First, racism is a sin. And it finds a home both at an individual and national level. Like all sins, it derails relational connection. Such arrogance and hatred and fear cannot work for the common or individual good of others. There must be both individual and national repentance.

Second, this sin, like all others, requires a relational approach to bring about repentance. An honest relationship with God will compel us to see and know that all bear the image of God. And humble relationships with others of different ethnicity will “open: our eyes to how they deserve to be treated. It wasn’t until the Apostle Peter (who was a racists by any standard) was “in the house” of a Gentile that he “came to see” that God is no respect or of persons. God forced Peter to hang out with the very kind of person Peter looked down on. God used that relationship to change Peter’s heart. This may bring strong disagreement but I am going to say it anyway. Seminars, panels, crusades, marches, sermons focusing on the evil of racism are fine. But, in my opinion, they accomplish FAR less than people being in relationship with someone who is different than they are. We need those things at a corporate level but the evil of racism will ultimately be address at a very particular, personal level.

Third, the particular ways that foster repentance and healing are very practical. We can use the Parable of the Good Samaritan to guide us. That story involved a two ethnicities being confronted at a crime scene. Two Jews by-passed the victim on the other side of the road. Their reasons were embedded in their cultural heritage, their religious dogmas, and, probably, their personal prejudice. But a Samaritan got in the ditch with someone different from him. The point for is this–as we go about our lives, there will be occasions where we will come on a situation that offers us an opportunity to bring healing. Most of us, like the Samaritan, don’t come across evil expressed against a person of another ethnicity every day. But when we do, like the Samaritan, may God give us the grace to step up even if it costs us. Stepping up does not mean getting rid of ethical differences. Peace is not a matter of homogeneity. Shalom flows from anchored identities that respect differences, not from an attempt to ‘flatten’ differences.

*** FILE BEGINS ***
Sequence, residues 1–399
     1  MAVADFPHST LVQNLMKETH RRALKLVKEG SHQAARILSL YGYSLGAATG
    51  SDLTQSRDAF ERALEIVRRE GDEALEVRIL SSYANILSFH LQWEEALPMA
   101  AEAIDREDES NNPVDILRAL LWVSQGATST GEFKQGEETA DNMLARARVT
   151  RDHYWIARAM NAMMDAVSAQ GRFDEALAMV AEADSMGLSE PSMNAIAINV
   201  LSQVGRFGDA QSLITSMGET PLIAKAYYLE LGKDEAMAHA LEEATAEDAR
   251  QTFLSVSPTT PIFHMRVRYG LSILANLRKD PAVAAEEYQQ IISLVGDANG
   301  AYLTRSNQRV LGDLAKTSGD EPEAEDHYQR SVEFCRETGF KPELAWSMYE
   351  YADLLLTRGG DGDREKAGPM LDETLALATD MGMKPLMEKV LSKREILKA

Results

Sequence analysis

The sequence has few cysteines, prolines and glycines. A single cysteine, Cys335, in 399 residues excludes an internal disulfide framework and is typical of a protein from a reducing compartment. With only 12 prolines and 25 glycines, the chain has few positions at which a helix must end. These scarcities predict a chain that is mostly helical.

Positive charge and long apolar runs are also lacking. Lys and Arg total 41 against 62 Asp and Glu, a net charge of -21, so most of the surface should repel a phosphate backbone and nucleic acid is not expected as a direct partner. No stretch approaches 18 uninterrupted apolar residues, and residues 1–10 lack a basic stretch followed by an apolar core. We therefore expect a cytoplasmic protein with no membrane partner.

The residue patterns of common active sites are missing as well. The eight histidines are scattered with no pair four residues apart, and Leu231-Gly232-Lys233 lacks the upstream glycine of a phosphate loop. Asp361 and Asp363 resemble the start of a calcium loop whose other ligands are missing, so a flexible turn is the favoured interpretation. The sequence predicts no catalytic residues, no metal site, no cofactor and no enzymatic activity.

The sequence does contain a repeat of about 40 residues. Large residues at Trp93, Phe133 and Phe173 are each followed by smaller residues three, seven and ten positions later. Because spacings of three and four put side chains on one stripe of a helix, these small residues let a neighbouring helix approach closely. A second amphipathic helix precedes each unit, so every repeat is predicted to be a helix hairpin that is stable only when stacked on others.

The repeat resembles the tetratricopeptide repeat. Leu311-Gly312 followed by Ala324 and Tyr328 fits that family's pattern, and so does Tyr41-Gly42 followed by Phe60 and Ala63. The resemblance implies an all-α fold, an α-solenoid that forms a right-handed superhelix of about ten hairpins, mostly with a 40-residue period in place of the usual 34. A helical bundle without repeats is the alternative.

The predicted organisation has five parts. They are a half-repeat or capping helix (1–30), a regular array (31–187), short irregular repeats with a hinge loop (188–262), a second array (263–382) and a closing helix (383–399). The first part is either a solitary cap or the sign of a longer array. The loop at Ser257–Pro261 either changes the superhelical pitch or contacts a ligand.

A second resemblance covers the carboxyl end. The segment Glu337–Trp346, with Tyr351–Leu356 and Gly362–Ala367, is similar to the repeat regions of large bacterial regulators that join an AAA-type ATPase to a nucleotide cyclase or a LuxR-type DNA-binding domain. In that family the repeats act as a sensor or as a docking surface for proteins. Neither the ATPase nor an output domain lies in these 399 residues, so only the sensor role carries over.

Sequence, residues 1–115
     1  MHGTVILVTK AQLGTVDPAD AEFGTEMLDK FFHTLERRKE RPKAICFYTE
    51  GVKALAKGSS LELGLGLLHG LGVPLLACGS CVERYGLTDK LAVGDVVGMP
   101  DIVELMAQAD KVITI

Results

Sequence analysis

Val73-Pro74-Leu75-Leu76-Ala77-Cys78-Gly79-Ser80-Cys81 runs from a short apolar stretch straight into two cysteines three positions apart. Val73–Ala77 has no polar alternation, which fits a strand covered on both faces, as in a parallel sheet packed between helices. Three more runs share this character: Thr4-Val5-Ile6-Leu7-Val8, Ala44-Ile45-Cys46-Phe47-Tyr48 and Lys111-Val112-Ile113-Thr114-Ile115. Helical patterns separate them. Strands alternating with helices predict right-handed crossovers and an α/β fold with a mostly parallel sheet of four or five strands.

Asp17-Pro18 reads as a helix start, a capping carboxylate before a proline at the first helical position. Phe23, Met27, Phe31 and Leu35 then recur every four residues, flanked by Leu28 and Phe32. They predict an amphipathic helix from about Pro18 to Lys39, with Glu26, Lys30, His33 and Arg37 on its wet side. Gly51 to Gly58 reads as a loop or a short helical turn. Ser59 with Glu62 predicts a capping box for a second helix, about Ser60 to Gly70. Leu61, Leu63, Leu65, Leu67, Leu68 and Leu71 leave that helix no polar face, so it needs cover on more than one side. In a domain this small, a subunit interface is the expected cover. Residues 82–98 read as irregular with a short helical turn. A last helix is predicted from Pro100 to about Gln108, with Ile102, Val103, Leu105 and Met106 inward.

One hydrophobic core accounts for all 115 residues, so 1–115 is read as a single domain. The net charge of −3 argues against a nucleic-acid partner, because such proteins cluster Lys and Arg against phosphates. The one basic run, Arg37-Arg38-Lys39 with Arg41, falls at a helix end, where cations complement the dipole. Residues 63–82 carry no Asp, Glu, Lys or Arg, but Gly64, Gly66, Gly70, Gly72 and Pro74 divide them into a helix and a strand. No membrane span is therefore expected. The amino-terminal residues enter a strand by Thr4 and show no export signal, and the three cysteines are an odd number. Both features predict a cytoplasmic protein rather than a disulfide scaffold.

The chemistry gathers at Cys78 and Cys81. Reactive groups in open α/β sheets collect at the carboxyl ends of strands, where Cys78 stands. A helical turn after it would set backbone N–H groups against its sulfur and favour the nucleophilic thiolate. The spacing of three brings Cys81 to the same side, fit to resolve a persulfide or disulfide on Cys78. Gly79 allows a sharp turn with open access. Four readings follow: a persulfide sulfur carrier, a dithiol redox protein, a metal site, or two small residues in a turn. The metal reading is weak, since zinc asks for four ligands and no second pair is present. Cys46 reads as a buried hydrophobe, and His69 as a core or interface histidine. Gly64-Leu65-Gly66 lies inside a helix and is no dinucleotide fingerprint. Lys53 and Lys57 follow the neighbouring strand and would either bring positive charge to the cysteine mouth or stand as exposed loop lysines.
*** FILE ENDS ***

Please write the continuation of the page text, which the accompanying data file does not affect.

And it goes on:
Desire Changes Slowly…a post by Tom with David Brooks

All of us want change…just not the painful transition.  There is so much I would love to change about myself immediately, yet spiritual progress seems glacially slow at best.  If I know what needs to be changed now, then what is the hold up?  My desires.  A lessor desire can only be dethroned by a greater one.  That is the issue.  Cognitively I may want to change but affectively my desires are still held in check by lessor loves.  It seems that the way forward is to contemplatively steep my desires in love for God, which is more of a crock pot affair than a microwave one.  Check out the following quote from David Brooks “The Road to Character” and see if it encourages you.

“as people rise up and seek to meet God, their desires slowly change.  In prayer, people gradually reform their desires so that more and more they want the things they believe will delight God than the things they used to think would delight themselves.

The ultimate conquest of self, in this view, is not won by self-discipline, or and awful battle within self. It is won by going out of self, by establishing a communion with God and by doing the things that feel natural and in order to return God’s love.